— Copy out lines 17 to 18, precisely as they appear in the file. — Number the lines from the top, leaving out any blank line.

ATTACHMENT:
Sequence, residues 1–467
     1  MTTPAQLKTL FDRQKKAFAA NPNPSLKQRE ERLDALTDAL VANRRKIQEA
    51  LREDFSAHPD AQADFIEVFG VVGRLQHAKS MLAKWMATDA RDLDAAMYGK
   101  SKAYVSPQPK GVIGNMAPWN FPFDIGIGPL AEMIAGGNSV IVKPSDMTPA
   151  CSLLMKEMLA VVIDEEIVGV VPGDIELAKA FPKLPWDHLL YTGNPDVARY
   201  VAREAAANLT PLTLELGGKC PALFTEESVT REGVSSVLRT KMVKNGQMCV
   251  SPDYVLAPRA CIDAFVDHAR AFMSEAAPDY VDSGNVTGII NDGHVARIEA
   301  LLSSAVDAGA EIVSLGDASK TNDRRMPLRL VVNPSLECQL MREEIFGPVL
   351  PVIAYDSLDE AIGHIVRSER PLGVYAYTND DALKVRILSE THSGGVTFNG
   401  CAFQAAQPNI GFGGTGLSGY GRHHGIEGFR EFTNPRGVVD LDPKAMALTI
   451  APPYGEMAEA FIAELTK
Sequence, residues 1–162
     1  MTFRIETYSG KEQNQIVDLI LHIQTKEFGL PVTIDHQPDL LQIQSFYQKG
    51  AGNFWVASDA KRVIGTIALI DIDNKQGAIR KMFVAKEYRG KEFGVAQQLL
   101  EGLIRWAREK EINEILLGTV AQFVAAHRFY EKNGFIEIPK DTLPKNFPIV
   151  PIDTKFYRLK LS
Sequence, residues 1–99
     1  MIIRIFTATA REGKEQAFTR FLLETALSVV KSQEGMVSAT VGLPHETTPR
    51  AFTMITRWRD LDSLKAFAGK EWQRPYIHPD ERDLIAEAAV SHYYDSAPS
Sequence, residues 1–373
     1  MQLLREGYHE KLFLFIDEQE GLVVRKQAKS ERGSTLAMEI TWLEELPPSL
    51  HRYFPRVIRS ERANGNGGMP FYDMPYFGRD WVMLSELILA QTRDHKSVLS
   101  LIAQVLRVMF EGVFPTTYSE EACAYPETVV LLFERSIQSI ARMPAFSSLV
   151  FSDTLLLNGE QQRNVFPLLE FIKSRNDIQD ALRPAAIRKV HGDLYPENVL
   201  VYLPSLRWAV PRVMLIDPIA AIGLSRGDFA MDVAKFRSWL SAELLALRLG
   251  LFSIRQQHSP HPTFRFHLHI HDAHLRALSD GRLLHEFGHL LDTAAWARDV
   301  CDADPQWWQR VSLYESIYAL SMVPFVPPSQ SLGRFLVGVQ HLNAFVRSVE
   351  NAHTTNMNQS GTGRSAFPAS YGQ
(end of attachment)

Sequence, residues 1–99
     1  MIIRIFTATA REGKEQAFTR FLLETALSVV KSQEGMVSAT VGLPHETTPR